Dog bite and dog love

When we moved in the summer of 1962 from the western district to the bridal lake (see the story “The bridal lake”), the road ended at our house. Then there was only a big bumpy meadow, which we called children only “the field”, at the southern end of the “Sankt-Jürgen-Schule” was under construction. Only years later, the continuing connection to the main road along the future school grounds was built. There, where then both roads collided, was then (and is still today) a Litfaßsäule, where I twelve years later with my friend Thomas smoked my last cigarette before I came home from the disco at dawn.

Until then, it was all wasteland, or rather savanna, and a huge puddle had formed here. It was about 20 meters long and eight meters wide. In the middle she was knee-deep. Friend Thomas and I had built a raft of wooden beams and logs; and armed with long poles, we sailed on the pond, our “silver lake”.

Exactly opposite our house opposite, in the row-corner house, lived family Stoll, one of the first families ever, who came as late resettlers after the world war II. From the Soviet Union to West Germany. Mr. Stoll was the proud owner of a “car engine”, as he called it. The family included two girls. That was nice. But it was not nice that there was also a dog that was small but extremely aggressive and of undefinable mixture and origin. This dog was also called Purzel and was rather feared by us children.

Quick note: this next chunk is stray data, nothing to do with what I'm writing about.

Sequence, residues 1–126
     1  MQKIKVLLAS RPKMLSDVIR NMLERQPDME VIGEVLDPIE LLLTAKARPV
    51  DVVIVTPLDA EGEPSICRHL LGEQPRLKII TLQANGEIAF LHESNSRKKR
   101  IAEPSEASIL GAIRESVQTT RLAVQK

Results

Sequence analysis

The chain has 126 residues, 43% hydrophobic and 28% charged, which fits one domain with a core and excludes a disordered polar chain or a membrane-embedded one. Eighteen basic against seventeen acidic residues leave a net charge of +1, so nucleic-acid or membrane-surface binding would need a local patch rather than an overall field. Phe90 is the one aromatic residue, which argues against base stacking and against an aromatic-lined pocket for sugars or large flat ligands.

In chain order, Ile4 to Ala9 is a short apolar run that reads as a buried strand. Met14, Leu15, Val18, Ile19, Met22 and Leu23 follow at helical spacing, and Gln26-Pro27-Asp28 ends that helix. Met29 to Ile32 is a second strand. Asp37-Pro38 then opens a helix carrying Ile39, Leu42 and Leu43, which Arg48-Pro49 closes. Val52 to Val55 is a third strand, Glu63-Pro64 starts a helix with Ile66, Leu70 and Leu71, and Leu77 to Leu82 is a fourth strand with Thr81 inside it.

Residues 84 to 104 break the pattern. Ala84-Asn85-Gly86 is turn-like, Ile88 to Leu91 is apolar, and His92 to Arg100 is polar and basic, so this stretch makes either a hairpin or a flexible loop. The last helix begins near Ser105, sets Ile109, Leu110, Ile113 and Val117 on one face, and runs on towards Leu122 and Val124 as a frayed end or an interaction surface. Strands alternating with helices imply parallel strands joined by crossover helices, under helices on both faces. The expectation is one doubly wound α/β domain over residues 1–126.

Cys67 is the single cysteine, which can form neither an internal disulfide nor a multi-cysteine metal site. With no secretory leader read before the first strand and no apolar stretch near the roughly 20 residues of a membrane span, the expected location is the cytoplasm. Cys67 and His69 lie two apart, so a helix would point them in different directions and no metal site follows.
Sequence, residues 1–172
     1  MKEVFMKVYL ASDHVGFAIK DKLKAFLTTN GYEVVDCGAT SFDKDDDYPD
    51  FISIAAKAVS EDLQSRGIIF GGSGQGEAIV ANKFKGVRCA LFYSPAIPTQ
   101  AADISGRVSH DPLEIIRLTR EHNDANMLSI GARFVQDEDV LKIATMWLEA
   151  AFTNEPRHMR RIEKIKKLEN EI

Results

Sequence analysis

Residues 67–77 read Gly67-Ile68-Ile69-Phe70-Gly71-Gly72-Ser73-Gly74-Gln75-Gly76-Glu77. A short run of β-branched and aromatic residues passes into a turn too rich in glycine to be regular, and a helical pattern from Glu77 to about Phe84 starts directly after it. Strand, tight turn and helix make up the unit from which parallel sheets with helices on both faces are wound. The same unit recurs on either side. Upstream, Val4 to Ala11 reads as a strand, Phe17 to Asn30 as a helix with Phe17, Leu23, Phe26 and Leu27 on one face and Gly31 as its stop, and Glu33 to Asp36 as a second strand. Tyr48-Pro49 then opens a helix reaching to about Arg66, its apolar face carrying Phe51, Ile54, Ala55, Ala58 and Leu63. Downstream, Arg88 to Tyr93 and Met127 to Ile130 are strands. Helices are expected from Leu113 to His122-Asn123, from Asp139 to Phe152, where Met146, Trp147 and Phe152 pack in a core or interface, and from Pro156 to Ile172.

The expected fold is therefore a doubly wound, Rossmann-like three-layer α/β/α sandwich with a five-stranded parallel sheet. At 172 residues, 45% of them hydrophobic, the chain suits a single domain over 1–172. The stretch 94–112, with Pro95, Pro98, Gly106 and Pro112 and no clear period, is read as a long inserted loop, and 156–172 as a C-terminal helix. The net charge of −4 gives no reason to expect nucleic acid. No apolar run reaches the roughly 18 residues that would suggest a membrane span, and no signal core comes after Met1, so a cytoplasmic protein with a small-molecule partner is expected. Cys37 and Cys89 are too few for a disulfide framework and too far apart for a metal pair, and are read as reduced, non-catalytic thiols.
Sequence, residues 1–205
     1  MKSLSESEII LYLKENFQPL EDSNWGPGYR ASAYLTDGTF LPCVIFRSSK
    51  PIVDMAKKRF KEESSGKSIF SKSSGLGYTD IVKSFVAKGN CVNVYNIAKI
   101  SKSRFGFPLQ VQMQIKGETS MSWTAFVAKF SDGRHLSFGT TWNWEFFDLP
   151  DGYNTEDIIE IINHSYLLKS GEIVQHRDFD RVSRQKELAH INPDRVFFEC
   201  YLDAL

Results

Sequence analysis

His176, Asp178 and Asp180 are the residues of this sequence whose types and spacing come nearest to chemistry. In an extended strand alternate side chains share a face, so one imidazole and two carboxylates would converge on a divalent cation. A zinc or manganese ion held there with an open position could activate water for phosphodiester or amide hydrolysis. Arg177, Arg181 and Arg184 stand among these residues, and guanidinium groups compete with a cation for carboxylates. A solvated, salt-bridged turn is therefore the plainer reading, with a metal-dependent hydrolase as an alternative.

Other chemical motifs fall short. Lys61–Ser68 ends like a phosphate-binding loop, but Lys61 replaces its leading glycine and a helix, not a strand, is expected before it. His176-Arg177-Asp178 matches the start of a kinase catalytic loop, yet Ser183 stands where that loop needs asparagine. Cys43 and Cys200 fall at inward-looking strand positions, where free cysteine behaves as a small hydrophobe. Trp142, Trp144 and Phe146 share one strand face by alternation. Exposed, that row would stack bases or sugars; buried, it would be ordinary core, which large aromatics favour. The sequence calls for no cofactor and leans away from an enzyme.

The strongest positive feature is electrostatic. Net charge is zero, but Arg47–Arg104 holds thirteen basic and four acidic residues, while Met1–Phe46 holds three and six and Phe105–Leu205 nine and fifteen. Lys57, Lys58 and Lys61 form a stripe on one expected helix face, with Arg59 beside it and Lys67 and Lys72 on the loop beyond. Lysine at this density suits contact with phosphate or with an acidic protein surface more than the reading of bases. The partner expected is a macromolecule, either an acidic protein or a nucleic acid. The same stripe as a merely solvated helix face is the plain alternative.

One day Thomas and I played again at the giant puddle and were about to cross from one bank to the other. When Winnetou and Old Shatterhand had landed, one of the Stoll girls, unfortunately forgetting their first names, came over on the leash with Purzel on the raft. As always, the mutt fiercely pulled on the leash, panting and baring his sharp teeth. Had I looked at “Mistress” wrong? Did I say anything wrong? I do not know it anymore. Anyway, the stupid dog bit me hard in my left lower leg.

I had high, green rubber boots, stuffed in my long pants and – because it was already autumn – also had long socks on. All this did not protect me. Purzel bit right down to my skin. I immediately ran home, took off my wellies, pants and stockings and had to find out together with Mutti that Purzel’s tusks had left three red-blue spots on my lower leg.

Tetanus shot? Ne. Complaint? Nope. Burnt child and lifelong fear of dogs? Nope! On the contrary. Even many years later I was a double dog owner (German shepherd dog hybrid in the 1990s, black Labrador bitch in the 2000s) and once – it was New Year’s Eve 1974/75 – I even romped on the carpet with the Bernardine of my later landlord, while the still young and quite harmless Otto Waalkes on the TV junkelte and his version of “Wild thing” yodelled.

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